The magmatic-hydrothermal fluid history of the Harrison Pass Pluton, Ruby Mountains, NV: implications for the Ruby Mountains-East Humboldt Range metamorphic core complex and Carlin-type Au deposits

Gates, Christopher Harry, author
Ridley, John, advisor
Sutton, Sally, committee member
Strauss, Steven, committee member
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Intrusion of the ~36 Ma, calc-alkaline, granodiorite-monzogranite Harrison Pass Pluton (HPP) occurred as magmatic fronts migrated southwest across the Great Basin during the Eocene. The HPP was locally intruded into the Ruby Mountains-East Humboldt Range (RMEHR), a classic Cordilleran metamorphic core complex that would undergo rapid tectonic exhumation during the late Cenozoic. Although the emplacement depth of the HPP provides an estimate for the magnitude and timing of subsequent uplift, disagreement exists between published mineral thermobarometry data and stratigraphic reconstructions. Synchronous with emplacement of the HPP was a regional hydrothermal fluid event responsible for deposition of >200 Moz of Au in sediment-hosted Carlin-type deposits (CTD's) along four linear trends. Magmatic, meteoric, and metamorphic models have been invoked to explain the origin of fluids and Au for CTD's, but few studies have directly examined the fluids generated by a potential source intrusion such as the HPP. Investigation of the magmatic-hydrothermal fluid history of the HPP, particularly the pressure-temperature conditions of fluid entrapment and fluid geochemistry, is an effective means of testing and improving existing models for the development of the RMEHR metamorphic core complex and for the origin of CTD's. Field and petrographic observations of pegmatites, aplites, miarolitic cavities, quartz veins, and multiple types of hydrothermal alteration, coupled with data from fluid inclusion microthermometry, LA-ICP-MS fluid inclusion geochemistry, and oxygen stable isotopes from magmatic and hydrothermal quartz, demonstrate that two-stage intrusive assembly was paralleled by a two-stage magmatic-hydrothermal fluid system. Early stage fluid activity was dominated by two aqueous, low salinity (~3 wt % eq. NaCl), B-Na-K-Rb- Sr-Cs-bearing, ore metal-poor fluids. These fluids were entrapped at ~600-700°C and ~2400-7600 bar in pegmatites, miarolitic cavities, and quartz veins within early stage units, as well as in quartz and calcite veins in base-metal skarns along the pluton margin and in the contact metamorphic aureole. Late stage fluid activity was dominated by one aquo-carbonic, low salinity (~3 wt % eq. NaCl), B-Na-K-Rb-Sr-Cs-bearing, ore metal-poor fluid. This fluid was entrapped at 570-680°C and ~4800-7200 bar in pegmatites, aplites, and quartz veins, and did not migrate out of late-stage intrusive units. Magmatic δ18O values for quartz demonstrate that this magmatic-hydrothermal fluid system evolved without significant dilution from meteoric inputs until the late influx of post-intrusion hydrothermal fluids, interpreted to be of mixed magmatic-meteoric origin. These fluids were aqueous, low-temperature (320-410°C), low salinity (<4 wt % eq. NaCl), and were entrapped at <2400 bar in fault-hosted microcrystalline quartz veins.The entrapment conditions for early stage magmatic-hydrothermal fluids determined from fluid inclusion microthermometry data indicate that the HPP was emplaced at depths of 9-18 km in the Ruby Mountains-East Humboldt Range. Brittle-ductile deformation of the HPP on the regionally-exposed Ruby Mountain Shear Zone indicate that at least 9 km of vertical exhumation has occurred since the intrusion of the HPP. Such emplacement depth estimates are consistent with published mineral thermobarometry from the HPP and from nearby metamorphic rocks. It is interpreted that the disparity between these estimates and the relatively shallow minimum emplacement depths of 4-6 km suggested by stratigraphic reconstructions is supportive of the existence of poorly preserved, Mesozoic thrust sheets that augmented the thickness of the overlying rock package during the Eocene. Although a well-accepted model for the origin of fluids and Au for CTD's remains outstanding, the model of Muntean et al. (2011) argues for the separation of a low-salinity, vapor-rich, Au-partitioning fluid from a high-salinity, base metal-partitioning fluid in mid- crustal magma chambers as a critical process in the evolution of CTD ore fluids. Although HPP emplacement depths and the existence of a robust magmatic-hydrothermal fluid system are broadly supportive of this model, no evidence of a high-salinity fluid was observed. Low concentrations of base metals (Cu, Pb) and CTD pathfinder elements (As, Tl) relative to whole-rock values are not consistent with the efficient fluid partitioning of metals invoked by Muntean et al. (2011). Also, low concentrations of CTD pathfinder elements relative to published values for CTD ore fluids indicate that the HPP was not Au-enriched. However, similar salinities and δ18O values suggest that HPP fluids may represent the minor magmatic component of ore fluids detected at some CTD's, but other fluid inputs and an external Au source would be required to produce these ore fluids. Thus, it is suggested that the magmatic-hydrothermal fluid history of the HPP is more consistent with a dominantly amagmatic fluid model for the origin of CTD's.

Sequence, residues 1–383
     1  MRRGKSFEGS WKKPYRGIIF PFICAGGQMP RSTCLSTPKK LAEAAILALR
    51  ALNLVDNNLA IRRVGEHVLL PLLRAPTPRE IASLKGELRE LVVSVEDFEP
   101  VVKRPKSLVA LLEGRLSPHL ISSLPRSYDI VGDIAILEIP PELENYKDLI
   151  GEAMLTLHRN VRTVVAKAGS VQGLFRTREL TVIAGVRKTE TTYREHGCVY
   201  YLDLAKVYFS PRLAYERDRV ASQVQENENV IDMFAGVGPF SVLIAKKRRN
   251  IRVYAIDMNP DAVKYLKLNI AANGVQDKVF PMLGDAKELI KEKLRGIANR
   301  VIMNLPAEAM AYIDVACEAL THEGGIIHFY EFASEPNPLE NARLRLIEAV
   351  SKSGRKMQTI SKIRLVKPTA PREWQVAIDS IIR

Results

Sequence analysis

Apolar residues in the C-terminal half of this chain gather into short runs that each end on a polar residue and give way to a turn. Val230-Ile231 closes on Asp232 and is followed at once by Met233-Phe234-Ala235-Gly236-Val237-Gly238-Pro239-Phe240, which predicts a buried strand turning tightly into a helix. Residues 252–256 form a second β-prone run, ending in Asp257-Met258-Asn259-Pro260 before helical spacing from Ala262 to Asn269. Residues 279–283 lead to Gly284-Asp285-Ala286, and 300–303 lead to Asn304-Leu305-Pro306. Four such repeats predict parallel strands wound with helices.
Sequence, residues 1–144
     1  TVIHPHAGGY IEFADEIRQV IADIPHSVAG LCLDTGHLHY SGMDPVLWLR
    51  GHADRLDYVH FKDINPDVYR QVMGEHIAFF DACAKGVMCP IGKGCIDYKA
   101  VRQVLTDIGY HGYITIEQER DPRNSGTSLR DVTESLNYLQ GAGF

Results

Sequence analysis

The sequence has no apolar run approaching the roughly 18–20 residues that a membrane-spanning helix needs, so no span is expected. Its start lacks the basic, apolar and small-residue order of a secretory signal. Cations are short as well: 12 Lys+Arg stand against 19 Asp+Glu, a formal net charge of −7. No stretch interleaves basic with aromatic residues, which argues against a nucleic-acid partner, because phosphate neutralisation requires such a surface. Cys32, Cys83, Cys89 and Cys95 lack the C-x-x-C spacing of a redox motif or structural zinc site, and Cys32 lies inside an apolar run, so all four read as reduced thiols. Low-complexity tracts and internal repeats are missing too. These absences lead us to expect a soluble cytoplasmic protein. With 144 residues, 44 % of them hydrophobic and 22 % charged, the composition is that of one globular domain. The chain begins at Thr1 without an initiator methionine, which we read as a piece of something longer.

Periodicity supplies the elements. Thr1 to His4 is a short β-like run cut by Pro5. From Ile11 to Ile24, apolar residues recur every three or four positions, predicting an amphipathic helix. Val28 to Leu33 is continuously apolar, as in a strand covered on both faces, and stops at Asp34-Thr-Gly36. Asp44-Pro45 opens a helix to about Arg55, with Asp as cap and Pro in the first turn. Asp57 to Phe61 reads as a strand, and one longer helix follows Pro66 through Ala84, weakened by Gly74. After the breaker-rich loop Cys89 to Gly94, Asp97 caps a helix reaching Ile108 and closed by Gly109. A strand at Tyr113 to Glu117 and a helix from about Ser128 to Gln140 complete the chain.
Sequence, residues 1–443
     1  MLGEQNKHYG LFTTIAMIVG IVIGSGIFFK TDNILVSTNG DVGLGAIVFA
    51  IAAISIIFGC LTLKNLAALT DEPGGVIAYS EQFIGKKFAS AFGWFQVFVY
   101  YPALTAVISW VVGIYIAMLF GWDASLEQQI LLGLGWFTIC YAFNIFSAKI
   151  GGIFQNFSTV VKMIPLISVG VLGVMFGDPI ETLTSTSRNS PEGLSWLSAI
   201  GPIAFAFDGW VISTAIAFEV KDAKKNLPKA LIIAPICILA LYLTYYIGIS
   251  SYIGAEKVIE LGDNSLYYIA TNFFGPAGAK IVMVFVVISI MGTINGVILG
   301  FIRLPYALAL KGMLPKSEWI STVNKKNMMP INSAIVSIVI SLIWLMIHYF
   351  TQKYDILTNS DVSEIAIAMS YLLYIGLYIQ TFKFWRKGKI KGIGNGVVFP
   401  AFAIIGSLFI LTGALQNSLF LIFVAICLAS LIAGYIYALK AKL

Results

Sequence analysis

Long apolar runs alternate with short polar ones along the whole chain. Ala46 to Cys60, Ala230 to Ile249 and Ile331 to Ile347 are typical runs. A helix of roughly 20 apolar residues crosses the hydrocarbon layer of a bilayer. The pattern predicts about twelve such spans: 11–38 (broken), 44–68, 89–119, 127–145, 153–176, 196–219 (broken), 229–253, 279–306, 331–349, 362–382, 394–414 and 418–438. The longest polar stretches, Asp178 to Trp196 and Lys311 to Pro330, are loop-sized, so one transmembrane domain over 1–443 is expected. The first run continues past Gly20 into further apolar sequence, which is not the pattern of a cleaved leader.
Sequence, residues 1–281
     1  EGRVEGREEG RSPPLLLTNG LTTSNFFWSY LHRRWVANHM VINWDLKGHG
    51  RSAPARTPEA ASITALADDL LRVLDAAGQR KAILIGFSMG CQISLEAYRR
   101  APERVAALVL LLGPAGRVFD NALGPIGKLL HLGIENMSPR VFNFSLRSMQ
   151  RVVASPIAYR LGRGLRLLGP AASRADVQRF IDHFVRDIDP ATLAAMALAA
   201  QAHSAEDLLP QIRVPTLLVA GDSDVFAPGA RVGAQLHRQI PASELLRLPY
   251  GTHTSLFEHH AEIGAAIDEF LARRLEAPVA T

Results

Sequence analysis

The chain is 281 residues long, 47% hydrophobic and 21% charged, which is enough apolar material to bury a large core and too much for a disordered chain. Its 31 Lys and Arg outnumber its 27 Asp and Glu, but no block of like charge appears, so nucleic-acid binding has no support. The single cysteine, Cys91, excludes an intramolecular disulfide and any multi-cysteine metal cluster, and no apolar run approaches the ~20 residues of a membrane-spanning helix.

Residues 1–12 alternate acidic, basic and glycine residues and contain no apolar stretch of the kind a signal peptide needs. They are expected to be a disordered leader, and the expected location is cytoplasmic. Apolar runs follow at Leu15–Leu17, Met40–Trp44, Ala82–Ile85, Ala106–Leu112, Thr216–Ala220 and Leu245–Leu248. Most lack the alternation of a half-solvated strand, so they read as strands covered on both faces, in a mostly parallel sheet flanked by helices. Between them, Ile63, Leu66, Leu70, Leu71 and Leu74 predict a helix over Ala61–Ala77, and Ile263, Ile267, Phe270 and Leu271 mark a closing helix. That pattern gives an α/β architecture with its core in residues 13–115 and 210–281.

2016 Summer.
Includes bibliographical references.
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